The US Army wants a new human-portable missile that soldiers can use to shoot down aircraft. Looking to replace the venerable Stinger anti-air weapon, the Army put out a request for information on March 28, and wants the weapon in production by 2027. A new anti-air weapon program for the Army has long been in the works, but Russia’s invasion of Ukraine has cast the issue in stark relief. The ability of soldiers on the ground to destroy aircraft, or at least make the threat of airstrikes a risk to pilots, has greatly constrained how Russia is fighting the war.
The solicitation dryly notes that “The current Stinger inventory is in decline,” which is one way to describe the US Army sending thousands of the missiles from its own inventory to Ukraine’s military. The missiles cost $38,000 apiece, which partly explains why units like the 173rd Airborne Brigade had trained with replicas instead of live missiles, a practice that changed this month.
These missiles join even older anti-air weapons, like the Soviet-made Strela anti-air missiles Germany sent to Ukraine, in bolstering the defense of Ukraine without actively joining the fight in the sky above. These weapons are both MANPADS, or man-portable air defense systems, and both Strelas and Stingers were developed in the 1960s as an answer to jets and helicopters on the battlefield. The missiles have also been incorporated into launchers on vehicles, which can carry more weapons and incorporate more advanced sensors to detect and track hostile aircraft before firing.
A combination of human-carried and vehicle-mounted anti-air defenses allowed Ukraine’s military to inflict significant damage on Russian aircraft flying low attack runs, an approach that in turn drove Russia’s air force to adopt less accurate higher-altitude bombing runs as a means of preserving aircraft.
In 2022, human-carried anti-air missiles still have a role in attacking helicopters and planes, but they will also need to operate in skies full of drones, with far better sensors and countermeasures than were possible decades ago. To understand the Stinger replacement, first it helps to understand the Stinger.
Meet the old Stinger
“The basic Stinger weapon is a Marine-portable, shoulder-fired, infrared (IR) radiation homing (heat-seeking) guided missile that requires no control from the gunner after firing,” explains the Marine Corps’ Low Altitude Air Defense Gunner’s Handbook. Complete with a launcher, it weighs 34.5 pounds, of which 12.5 pounds is the missile, which itself contains 2.25 pounds of explosive warhead.
It is useful against fast, low-flying aircraft used to attack people, vehicles, or buildings on the ground. It can start tracking targets at a range of 15,700 feet, or just shy of 3 miles, and it can hit vehicles as far away as 12,500 feet, or 2.4 miles. Upgraded and modern versions of the missile have a processor to help ensure it only targets hostile vehicles and not friendly ones, and these missiles also carry a different processor that’s useful against infrared countermeasures.
Heat-seeking against the engine of a helicopter or jet is a particularly reliable way to find and track the vehicle.
“The Stinger seeker can discriminate between radiation from a small point source such as the tailpipe of a jet and large background sources such as clouds and terrain,” the manual notes. “Except for the sun, the target’s engine exhaust is usually the smallest and hottest object in the environment and will be tracked by the missile seeker.”
The missile design dates back to the 1960s, when it replaced earlier Redeye shoulder-fired missiles that struggled to catch, pursue, and correctly identify enemy aircraft. One of the big changes in design of the Redeye II, which became the Stinger, was to move some sensors from the missile itself to the launcher component. Stingers entered into service in the 1980s, and besides the US military, they were famously distributed to insurgents fighting against the Soviet Union in Afghanistan starting in 1986.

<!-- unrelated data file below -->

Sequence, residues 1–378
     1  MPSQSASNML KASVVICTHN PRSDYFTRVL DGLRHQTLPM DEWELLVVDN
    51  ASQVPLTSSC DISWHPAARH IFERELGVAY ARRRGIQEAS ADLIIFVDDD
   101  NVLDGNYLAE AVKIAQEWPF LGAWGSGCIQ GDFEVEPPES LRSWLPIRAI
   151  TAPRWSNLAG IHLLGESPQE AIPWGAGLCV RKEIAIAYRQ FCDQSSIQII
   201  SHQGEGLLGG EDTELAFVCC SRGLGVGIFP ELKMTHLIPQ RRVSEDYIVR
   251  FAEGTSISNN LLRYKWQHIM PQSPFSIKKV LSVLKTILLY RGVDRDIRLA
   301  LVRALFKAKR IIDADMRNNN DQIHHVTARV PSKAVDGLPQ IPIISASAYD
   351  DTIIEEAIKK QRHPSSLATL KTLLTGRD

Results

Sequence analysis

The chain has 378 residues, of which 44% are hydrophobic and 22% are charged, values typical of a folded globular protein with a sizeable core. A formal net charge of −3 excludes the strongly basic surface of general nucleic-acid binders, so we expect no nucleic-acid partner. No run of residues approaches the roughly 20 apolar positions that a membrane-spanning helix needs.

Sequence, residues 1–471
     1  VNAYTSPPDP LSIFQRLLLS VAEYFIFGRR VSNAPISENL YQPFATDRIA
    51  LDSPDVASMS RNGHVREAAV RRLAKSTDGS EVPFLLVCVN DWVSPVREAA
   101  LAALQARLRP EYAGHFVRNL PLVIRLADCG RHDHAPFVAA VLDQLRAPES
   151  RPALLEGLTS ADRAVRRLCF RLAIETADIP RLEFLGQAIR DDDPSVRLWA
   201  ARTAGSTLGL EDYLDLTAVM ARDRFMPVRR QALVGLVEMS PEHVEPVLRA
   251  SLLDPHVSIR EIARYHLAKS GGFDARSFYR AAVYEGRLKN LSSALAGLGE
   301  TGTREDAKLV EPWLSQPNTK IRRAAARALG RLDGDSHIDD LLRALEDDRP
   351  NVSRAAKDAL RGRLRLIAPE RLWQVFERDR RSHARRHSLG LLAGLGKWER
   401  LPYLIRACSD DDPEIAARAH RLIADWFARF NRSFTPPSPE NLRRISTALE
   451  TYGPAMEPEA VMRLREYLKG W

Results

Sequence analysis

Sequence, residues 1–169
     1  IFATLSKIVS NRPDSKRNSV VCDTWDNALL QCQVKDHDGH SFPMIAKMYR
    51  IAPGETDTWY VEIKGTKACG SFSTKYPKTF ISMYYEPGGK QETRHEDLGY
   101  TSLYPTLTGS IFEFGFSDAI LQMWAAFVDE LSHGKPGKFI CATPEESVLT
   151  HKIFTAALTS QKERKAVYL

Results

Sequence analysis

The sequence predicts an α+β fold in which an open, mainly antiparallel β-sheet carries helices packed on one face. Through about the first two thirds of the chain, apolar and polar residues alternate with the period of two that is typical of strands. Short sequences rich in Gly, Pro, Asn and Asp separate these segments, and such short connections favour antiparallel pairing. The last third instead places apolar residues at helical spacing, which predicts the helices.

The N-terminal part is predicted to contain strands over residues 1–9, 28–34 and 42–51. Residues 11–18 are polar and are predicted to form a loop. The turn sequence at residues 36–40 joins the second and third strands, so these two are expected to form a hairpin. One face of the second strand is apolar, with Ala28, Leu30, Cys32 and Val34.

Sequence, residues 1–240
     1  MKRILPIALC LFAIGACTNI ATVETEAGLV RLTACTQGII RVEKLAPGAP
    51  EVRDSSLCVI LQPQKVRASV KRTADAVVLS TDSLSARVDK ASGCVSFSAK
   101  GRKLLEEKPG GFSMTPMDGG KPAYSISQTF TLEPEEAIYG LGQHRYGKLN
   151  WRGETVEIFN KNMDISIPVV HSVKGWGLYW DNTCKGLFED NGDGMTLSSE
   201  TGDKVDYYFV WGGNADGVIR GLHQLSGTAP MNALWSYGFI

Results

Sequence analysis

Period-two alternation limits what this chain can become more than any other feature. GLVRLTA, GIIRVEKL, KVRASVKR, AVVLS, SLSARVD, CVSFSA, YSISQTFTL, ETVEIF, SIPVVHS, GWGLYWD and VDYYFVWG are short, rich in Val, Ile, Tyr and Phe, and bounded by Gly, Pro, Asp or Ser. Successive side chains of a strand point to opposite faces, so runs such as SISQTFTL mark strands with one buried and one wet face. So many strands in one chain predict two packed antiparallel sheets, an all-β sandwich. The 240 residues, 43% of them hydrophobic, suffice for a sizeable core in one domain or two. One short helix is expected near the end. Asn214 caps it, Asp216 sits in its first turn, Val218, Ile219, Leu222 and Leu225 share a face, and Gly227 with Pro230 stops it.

The new Stinger
In seeking a Stinger replacement, the Army wants to keep much of existing Stinger infrastructure in place. The notice says the new “system must be capable of integration with the Stinger Vehicle Universal Launcher,” and also that it must be soldier-portable.
What will be new in the Stinger replacement, then, is that it must do everything an existing Stinger can do, but better, with an explicit call for better target tracking and greater range than exists at present. These missiles must also destroy helicopters and planes “with capabilities equal to or greater than the current Stinger missile,” as well as destroying “Group 2-3 Unmanned Aircraft Systems.” Russia’s Orlan-10 drones, used for artillery spotting and scouting in the Ukraine invasion, falls on the smaller end of that category. The Bayraktar TB2 drone, made by Turkey and prominently featured by Ukraine’s military, is just on the edge of the maximum size of Group 3.
Drones like the Orlan-10 and TB2 are features of modern warfare, used by major and mid-sized militaries, and play a role in combat that the drones used for scouting in the 1960s and 1970s never could. It makes sense, then, that any new anti-air weapon should be capable of protecting soldiers from aerial discovery or drone-guided artillery barrages.
One way to defeat those drones, included in the posted notice and in videos like this from Stinger-maker Raytheon, is a “proximity fuse.” Instead of having to hit the drone directly, a Stinger with a proximity fuse has to just get close enough that it can catch the drone in the blast radius of its own detonation.
While the new notice is explicitly for Stinger missiles that can be used from vehicle-based launchers, because the same missile must be compatible with existing launchers, it can likely be thought of as a planned replacement for all existing inventory of Stinger missiles, both human- and vehicle-carried.